Mr. Leonardi’s father was born and grew up in Rome but came to the United States as a young man in the 1920s and settled in Waterbury, Conn. “He would talk about art all the time. When he saw I liked to draw, he showed me books of palaces he knew, and books about art. And when I was still just a kid, he taught me perspective. When you grow up in a place like Rome, everything is art, and he instilled in me his love of art.”

Because Mr. Leonardi was a bookish child, his parents decided he should have a music education. “The first thing was violin. I was a total washout. So they sent me to a traditional drawing class at the Mattituck Museum in Waterbury, where I drew from plaster casts.”

At 18 he enrolled at the Rhode Island School of Design in Providence. Like most art schools at that time, RISD took an academic approach to studio art. Mornings were devoted to drawing the figure, afternoons to painting it. As the weather changed, it was landscape and, in the fall, it was still life. “I don’t regret that classical training.”

Feeling secure in his preparation, he applied to the M.F.A. program at Yale. On the first day, “Albers came in, didn’t say anything, took two pieces of chalk, drew two perfect circles, then wrote his name forward and backward, and left the room. It was like landing in another country and you don’t speak the language but you know you want to live there. Albers taught me to not just look but to see, and to see how things interact.”

“I came to Yale with the sense that I knew it all, only to discover I had no idea whatsoever about what was happening.”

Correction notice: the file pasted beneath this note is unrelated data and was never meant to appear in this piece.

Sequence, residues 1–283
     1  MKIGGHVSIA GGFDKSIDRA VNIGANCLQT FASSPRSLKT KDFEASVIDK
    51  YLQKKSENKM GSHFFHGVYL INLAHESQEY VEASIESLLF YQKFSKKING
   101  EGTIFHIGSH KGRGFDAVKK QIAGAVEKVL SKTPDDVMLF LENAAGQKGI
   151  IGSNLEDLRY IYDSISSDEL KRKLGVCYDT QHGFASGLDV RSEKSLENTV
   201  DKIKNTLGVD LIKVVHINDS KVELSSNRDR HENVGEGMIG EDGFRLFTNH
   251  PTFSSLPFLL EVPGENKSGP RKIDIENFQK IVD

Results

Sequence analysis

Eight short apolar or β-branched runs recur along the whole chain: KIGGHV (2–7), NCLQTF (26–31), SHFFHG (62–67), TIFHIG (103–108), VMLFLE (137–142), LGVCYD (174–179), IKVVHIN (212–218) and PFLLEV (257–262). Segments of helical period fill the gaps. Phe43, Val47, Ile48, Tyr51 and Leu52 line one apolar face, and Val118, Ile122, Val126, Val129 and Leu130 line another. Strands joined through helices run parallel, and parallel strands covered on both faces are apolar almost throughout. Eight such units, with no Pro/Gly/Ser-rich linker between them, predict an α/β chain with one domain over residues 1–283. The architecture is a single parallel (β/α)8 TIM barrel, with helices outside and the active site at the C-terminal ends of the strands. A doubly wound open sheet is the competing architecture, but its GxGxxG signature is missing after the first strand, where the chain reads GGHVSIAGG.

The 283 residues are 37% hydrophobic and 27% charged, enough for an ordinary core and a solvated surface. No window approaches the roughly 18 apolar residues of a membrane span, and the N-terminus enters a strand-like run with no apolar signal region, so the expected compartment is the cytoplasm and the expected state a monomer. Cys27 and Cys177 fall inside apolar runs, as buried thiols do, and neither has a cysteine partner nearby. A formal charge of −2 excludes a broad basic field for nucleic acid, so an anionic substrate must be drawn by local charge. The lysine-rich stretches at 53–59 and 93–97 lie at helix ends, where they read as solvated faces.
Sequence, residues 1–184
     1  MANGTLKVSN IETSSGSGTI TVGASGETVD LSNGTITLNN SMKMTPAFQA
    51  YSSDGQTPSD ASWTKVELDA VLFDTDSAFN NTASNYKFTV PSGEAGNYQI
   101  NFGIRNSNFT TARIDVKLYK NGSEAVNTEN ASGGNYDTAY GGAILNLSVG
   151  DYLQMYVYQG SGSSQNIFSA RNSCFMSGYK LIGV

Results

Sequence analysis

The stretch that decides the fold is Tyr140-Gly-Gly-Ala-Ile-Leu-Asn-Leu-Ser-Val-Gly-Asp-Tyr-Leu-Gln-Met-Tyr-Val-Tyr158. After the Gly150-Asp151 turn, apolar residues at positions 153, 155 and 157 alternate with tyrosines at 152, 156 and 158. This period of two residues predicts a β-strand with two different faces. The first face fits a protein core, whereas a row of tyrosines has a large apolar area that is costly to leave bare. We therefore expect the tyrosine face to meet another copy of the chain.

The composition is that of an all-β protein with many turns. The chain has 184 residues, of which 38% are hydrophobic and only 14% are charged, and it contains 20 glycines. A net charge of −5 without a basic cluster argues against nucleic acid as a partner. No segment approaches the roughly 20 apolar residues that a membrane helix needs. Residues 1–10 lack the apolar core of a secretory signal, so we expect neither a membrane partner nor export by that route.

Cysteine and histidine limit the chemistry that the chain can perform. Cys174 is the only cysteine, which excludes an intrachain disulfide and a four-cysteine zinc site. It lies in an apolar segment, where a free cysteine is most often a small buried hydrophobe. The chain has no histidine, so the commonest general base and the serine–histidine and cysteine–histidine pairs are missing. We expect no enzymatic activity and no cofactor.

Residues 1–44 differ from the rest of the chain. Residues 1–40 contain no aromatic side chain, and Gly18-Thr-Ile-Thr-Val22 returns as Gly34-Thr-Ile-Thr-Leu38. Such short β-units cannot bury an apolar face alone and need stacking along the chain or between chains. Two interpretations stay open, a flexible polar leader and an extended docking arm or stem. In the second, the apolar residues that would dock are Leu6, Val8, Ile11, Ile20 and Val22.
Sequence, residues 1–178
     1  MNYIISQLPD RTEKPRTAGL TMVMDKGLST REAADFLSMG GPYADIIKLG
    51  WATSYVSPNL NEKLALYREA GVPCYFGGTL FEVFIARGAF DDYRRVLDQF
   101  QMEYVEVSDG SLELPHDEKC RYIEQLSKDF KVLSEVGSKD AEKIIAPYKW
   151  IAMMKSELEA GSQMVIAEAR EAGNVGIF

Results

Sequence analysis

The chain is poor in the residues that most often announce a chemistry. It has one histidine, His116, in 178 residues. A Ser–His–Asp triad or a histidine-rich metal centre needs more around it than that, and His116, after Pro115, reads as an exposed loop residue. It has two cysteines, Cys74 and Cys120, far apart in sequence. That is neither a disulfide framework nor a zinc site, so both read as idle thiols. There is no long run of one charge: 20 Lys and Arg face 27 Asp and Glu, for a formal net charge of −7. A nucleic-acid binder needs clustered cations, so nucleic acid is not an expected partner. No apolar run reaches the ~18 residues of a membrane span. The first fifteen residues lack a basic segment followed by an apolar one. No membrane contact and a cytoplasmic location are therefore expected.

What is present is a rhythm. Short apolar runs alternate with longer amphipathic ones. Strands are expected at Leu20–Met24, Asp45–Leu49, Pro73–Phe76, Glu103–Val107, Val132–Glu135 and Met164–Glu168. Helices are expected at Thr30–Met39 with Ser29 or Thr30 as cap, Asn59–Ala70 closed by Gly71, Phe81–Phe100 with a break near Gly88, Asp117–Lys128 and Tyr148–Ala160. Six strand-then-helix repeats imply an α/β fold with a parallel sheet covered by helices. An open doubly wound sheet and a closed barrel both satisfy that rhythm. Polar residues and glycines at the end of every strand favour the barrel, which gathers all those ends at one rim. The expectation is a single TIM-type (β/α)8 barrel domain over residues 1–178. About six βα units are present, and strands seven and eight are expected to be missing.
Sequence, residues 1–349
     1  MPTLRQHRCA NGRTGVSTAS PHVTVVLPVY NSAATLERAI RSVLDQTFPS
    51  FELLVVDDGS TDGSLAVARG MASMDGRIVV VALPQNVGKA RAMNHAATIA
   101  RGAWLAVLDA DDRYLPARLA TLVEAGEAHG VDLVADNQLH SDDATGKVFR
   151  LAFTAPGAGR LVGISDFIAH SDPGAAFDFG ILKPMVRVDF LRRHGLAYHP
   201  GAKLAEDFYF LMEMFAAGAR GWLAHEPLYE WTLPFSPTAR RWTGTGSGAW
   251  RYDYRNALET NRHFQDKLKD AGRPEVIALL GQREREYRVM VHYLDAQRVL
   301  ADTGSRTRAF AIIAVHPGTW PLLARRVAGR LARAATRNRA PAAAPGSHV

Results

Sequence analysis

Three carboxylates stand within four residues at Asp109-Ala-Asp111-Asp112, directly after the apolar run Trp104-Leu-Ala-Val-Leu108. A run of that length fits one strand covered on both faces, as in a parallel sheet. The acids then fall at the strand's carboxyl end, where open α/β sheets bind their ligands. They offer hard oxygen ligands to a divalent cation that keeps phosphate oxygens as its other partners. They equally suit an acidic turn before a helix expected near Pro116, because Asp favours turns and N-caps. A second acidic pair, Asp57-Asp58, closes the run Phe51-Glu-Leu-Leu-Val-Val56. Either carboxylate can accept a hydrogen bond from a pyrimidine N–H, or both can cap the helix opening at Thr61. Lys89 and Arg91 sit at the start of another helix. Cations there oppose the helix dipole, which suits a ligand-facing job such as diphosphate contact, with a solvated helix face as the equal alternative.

Mark Rothko and Robert Motherwell were among the artists who visited the campus, and he took classes with Buckminster Fuller and Ad Reinhardt in addition to Albers. “One thing about Yale: They didn’t tell you not to do something. They criticized the work on its own terms, which is an example of great teaching.”

After earning his M.F.A., Mr. Leonardi moved to New York City and took a job with the industrial designer Russel Wright. The job cut deeply into his painting time, and after seven years, he learned from a friend about the teaching position at Parsons.

“One of the things about New York then was that SoHo was wild, fantastic. Galleries were very different then. They were usually run by people who loved art, and they weren’t the size of MoMA. And AIDS had not happened. That changed everything, of course.”

He first came to the East End in the 1970s, when he and Mr. Mann rented “the very last house on the island” in Montauk. “It was very close to the cliff, and it was falling apart, the way beach places are supposed to be, with a 360-degree view.”

When he lost his studio in the city, he bought the potato barn, which at the time had a dirt floor and neither windows nor skylights. Although his New York studio didn’t have much natural light, “Albers taught all of us to work with what we have.” 

For the past 25 years, he has had plenty of natural light to work with. His studio is flooded with it. 

An exhibition of his work will open at the Drawing Room in East Hampton in June.

Hector Leonardi’s application of dried strips of acrylic paint adds depth and a vast range of color to his canvases. Jenny Gorman